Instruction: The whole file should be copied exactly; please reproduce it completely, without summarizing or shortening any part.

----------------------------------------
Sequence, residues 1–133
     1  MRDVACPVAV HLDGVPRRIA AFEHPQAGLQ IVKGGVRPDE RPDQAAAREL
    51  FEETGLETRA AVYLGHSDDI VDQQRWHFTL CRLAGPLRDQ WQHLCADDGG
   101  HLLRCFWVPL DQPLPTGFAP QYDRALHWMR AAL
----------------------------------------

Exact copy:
Sequence, residues 1–133
     1  MRDVACPVAV HLDGVPRRIA AFEHPQAGLQ IVKGGVRPDE RPDQAAAREL
    51  FEETGLETRA AVYLGHSDDI VDQQRWHFTL CRLAGPLRDQ WQHLCADDGG
   101  HLLRCFWVPL DQPLPTGFAP QYDRALHWMR AAL